Efflux (microbiology) | Wikipedia audio article


Active efflux is a mechanism responsible for
moving compounds, like neurotransmitters, toxic substances, and antibiotics, out of
cells; a process considered to be a vital part of xenobiotic metabolism. This mechanism is important in medicine as
it can contribute to bacterial antibiotic resistance. Efflux systems function via an energy-dependent
mechanism (active transport) to pump out unwanted toxic substances through specific efflux pumps. Some efflux systems are drug-specific, whereas
others may accommodate multiple drugs with small multidrug resistance (SMR) transporters.==Bacteria=====
Bacterial efflux pumps===Efflux pumps are proteinaceous transporters
localized in the cytoplasmic membrane of all kinds of cells. They are active transporters, meaning that
they require a source of chemical energy to perform their function. Some are primary active transporters utilizing
adenosine triphosphate hydrolysis as a source of energy, whereas others are secondary active
transporters (uniporters, symporters, or antiporters) in which transport is coupled to an electrochemical
potential difference created by pumping hydrogen or sodium ions from or to the outside of the
cell. Bacterial efflux transporters are classified
into five major superfamilies, based on their amino acid sequence and the energy source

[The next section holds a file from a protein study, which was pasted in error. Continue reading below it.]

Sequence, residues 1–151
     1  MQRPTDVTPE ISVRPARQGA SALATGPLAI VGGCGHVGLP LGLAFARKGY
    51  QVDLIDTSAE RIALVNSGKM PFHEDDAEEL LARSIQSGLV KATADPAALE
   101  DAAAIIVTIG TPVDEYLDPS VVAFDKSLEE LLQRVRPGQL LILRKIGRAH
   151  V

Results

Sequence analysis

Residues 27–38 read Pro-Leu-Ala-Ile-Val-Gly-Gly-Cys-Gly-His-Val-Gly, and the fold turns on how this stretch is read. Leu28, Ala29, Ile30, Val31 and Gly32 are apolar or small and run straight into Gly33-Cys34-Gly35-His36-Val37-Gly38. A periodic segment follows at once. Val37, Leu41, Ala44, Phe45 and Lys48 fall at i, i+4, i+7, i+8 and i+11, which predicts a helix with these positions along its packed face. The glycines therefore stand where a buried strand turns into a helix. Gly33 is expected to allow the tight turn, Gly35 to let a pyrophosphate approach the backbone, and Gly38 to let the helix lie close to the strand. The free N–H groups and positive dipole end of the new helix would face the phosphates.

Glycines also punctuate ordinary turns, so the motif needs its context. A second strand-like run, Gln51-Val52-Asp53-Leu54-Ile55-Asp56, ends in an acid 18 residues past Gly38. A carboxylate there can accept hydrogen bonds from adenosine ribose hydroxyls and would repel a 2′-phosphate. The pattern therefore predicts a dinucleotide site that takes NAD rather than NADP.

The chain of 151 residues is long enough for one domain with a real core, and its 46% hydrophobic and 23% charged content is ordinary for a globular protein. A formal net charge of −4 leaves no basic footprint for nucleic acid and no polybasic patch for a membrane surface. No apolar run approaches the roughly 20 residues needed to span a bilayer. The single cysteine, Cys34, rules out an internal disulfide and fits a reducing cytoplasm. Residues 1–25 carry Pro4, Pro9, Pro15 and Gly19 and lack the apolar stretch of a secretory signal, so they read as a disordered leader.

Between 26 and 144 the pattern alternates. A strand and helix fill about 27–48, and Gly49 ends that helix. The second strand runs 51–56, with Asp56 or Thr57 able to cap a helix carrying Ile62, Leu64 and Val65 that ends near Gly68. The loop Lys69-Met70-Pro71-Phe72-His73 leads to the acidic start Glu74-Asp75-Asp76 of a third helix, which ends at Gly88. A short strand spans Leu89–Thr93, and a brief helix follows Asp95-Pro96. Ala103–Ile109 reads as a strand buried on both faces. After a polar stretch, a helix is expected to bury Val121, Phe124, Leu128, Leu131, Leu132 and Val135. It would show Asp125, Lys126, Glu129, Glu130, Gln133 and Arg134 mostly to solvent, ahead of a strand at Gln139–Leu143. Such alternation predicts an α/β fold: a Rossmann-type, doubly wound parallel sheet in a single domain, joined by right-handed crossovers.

used to export their substrates: The major facilitator superfamily (MFS)
The ATP-binding cassette superfamily (ABC) The small multidrug resistance family (SMR)
The resistance-nodulation-cell division superfamily (RND)
The Multi antimicrobial extrusion protein family (MATE).Of these, only the ABC superfamily
are primary transporters, the rest being secondary transporters utilizing proton or sodium gradient
as a source of energy. Whereas MFS dominates in Gram positive bacteria,
the RND family was once thought to be unique to Gram negative bacteria. They have since been found in all major Kingdoms.===Function===
Although antibiotics are the most clinically important substrates of efflux systems, it
is probable that most efflux pumps have other natural physiological functions. Examples include: The E. coli AcrAB efflux system, which has
a physiologic role of pumping out bile acids and fatty acids to lower their toxicity. The MFS family Ptr pump in Streptomyces pristinaespiralis
appears to be an autoimmunity pump for this organism when it turns on production of pristinamycins
I and II. The AcrAB–TolC system in E. coli is suspected
to have a role in the transport of the calcium-channel components in the E. coli membrane. The MtrCDE system plays a protective role
by providing resistance to faecal lipids in rectal isolates of Neisseria gonorrhoeae. The AcrAB efflux system of Erwinia amylovora
is important for this organism’s virulence, plant (host) colonization, and resistance
to plant toxins. The MexXY component of the MexXY-OprM multidrug
efflux system of P. aeruginosa is inducible by antibiotics that target ribosomes via the
PA5471 gene product.The ability of efflux systems to recognize a large number of compounds